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New Mexico State University

New Mexico State University

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New Mexico Tech Hydrologist Leads Feb. 12 Water Lecture Series

LAS CRUCES - The effects of New Mexico's lingering drought will likely be felt for years as farmers deal with increasingly scarce water for irrigation, especially along the middle Rio Grande. A New Mexico State University water seminar Feb. 12 will provide answers to some of producers' questions about how best to manage available water.

Robert Bowman, director of the hydrology program at the New Mexico Institute of Mining and Technology, will speak Feb. 12 at New Mexico State University as part of its water lecture series. (01/28/2004) (Courtesy Photo from New Mexico Tech)

Robert Bowman, a nationally recognized hydrology expert, will speak at 3 p.m. in Room 105 of Wooton Hall, located on the western edge of campus.

"Our goal is to better understand the loss of water from the Rio Grande as it moves downstream to better manage that water," said Bowman, director of the hydrology program at the New Mexico Institute of Mining and Technology. "This is important for agriculture and cities, in addition to meeting interstate water compacts with Texas and Mexico."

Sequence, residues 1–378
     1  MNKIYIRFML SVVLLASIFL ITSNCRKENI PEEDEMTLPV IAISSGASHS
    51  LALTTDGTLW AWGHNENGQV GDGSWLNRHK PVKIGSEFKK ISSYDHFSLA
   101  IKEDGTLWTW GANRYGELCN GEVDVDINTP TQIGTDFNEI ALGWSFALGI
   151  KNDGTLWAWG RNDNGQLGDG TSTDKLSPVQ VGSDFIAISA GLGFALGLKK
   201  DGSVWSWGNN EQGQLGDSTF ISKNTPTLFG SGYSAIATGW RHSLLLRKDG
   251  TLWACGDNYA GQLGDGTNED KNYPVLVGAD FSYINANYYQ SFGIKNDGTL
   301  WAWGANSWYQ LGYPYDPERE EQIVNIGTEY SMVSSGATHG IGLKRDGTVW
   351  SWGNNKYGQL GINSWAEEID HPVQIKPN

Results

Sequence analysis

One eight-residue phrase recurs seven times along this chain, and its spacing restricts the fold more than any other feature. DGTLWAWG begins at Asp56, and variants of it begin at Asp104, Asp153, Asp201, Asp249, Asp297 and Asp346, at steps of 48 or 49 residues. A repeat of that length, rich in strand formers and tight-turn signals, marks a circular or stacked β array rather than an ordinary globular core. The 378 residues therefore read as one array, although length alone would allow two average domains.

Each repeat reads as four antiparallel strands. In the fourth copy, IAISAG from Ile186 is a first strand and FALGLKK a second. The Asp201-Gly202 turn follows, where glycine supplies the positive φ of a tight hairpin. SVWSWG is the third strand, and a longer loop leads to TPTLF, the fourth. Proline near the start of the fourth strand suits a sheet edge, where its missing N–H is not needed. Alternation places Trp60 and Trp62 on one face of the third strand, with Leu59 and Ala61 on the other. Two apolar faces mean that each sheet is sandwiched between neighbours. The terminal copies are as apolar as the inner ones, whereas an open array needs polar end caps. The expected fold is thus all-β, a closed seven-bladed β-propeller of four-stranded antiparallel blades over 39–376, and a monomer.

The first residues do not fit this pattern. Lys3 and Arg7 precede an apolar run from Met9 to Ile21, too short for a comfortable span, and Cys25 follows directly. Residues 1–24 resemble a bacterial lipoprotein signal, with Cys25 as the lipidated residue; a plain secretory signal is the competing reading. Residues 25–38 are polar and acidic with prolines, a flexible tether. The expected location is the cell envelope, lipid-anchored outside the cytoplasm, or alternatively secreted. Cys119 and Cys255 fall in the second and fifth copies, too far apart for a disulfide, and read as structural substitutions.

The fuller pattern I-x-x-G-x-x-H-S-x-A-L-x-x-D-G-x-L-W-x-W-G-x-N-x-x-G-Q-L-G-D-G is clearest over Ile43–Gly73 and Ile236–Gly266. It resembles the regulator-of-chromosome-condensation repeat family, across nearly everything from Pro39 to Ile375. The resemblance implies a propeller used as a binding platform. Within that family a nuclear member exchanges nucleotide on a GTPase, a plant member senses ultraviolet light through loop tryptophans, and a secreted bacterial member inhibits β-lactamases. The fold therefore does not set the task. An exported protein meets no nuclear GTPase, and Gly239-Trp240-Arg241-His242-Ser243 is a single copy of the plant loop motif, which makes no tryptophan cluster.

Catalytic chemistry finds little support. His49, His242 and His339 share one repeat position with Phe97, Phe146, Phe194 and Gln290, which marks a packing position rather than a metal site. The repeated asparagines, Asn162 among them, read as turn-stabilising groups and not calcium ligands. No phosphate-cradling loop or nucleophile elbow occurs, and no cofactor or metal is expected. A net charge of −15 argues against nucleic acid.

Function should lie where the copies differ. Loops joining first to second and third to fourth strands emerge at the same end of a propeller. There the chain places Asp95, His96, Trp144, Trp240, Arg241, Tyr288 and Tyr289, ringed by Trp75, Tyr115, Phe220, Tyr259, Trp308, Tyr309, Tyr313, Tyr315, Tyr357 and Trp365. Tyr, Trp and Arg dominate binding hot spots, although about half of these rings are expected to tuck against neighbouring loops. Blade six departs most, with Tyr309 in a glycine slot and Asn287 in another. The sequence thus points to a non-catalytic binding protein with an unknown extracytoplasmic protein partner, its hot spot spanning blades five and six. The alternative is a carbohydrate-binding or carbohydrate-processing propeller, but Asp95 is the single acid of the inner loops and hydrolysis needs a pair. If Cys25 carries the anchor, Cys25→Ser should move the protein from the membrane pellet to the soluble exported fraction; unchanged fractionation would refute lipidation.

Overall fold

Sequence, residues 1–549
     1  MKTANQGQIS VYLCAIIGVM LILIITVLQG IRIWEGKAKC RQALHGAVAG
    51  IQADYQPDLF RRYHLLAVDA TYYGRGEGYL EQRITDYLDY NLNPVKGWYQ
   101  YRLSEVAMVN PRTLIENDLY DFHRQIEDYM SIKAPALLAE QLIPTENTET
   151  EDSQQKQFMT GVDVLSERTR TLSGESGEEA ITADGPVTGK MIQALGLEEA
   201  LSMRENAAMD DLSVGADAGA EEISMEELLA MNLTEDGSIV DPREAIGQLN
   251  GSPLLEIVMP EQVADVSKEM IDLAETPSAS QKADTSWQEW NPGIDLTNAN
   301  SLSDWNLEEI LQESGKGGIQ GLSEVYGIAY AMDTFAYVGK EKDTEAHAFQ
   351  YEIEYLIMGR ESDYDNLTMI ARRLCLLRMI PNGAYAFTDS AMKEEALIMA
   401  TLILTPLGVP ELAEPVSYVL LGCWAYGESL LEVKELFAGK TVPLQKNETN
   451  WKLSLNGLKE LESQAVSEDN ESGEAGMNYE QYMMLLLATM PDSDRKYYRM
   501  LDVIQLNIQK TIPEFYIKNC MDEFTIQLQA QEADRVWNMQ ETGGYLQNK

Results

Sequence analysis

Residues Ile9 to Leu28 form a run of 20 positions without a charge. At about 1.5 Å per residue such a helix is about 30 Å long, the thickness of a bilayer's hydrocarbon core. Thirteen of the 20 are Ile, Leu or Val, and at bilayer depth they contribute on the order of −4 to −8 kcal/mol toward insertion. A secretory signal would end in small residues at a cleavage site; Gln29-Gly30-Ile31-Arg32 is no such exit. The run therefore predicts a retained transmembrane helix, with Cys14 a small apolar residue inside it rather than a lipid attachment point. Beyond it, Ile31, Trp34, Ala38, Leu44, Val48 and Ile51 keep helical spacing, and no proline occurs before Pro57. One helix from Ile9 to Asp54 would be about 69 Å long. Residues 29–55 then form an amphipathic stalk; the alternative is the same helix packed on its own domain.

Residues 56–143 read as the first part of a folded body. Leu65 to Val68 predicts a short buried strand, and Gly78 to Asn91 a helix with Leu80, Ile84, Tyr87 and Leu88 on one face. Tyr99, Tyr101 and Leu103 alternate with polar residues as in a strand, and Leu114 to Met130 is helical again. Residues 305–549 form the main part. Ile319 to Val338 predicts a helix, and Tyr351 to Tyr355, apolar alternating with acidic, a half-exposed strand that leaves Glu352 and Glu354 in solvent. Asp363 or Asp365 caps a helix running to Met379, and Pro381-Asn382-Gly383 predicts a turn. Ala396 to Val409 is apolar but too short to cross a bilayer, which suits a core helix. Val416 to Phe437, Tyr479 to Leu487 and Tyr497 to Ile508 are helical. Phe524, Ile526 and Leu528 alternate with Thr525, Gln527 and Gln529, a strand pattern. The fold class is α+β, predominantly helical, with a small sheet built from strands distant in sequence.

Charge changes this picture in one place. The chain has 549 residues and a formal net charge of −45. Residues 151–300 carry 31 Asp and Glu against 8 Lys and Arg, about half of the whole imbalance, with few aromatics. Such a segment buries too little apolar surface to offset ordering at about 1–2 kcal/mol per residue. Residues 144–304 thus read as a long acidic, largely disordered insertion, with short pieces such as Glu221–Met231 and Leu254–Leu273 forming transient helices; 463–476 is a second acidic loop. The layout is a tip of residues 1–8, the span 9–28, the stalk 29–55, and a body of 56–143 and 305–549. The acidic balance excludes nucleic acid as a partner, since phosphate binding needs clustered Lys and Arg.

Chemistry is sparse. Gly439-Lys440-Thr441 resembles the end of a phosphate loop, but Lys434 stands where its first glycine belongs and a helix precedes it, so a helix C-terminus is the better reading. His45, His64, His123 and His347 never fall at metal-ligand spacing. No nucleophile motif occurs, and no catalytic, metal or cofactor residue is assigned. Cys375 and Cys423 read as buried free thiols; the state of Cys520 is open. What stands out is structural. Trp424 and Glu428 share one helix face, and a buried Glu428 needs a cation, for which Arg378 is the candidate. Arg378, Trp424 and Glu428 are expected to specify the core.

Factors that affect river flow include the level of groundwater in the vicinity of the river, how fast water moves between the surface and underlying groundwater and the amount of vegetation along the river. "We need to understand how these affect one another in order to make predictions on river flow," he said.

Bowman's free, public seminar is part of a water lecture series from NMSU's Water Task Force, Water Resources Research Institute and the civil and geological engineering department.

"Dr. Bowman has worked for years to improve water quantity and quality issues in New Mexico," said task force coordinator Craig Runyan, a water quality specialist with NMSU's Cooperative Extension Service. "He certainly adds prestige to our water lecture series, and we're lucky to get him."

NMSU formed the task force in 2000 to supply objective, scientific data about water issues in New Mexico. Pulled from across NMSU, this group of specially identified faculty and staff members are experts in water-related issues, Runyan said. They provide rapid responses to public requests for studies, white papers, expert testimony at public hearings.

Prior to joining New Mexico Tech in 1987, Bowman worked as a soil scientist with the U.S. Department of Agriculture. He has served as a visiting professor with the Swiss Federal Institute of Technolog-Zürich. Bowman received a bachelor's degree in chemistry from the University of California-Berkley and a doctorate in soil chemistry from NMSU.

For more information, or if you are an individual with a disability who is in need of an auxiliary aid or service to participate in the meeting, please contact Leeann DeMouche at (505) 646-3973 or ldemouch@nmsu.edu before the event.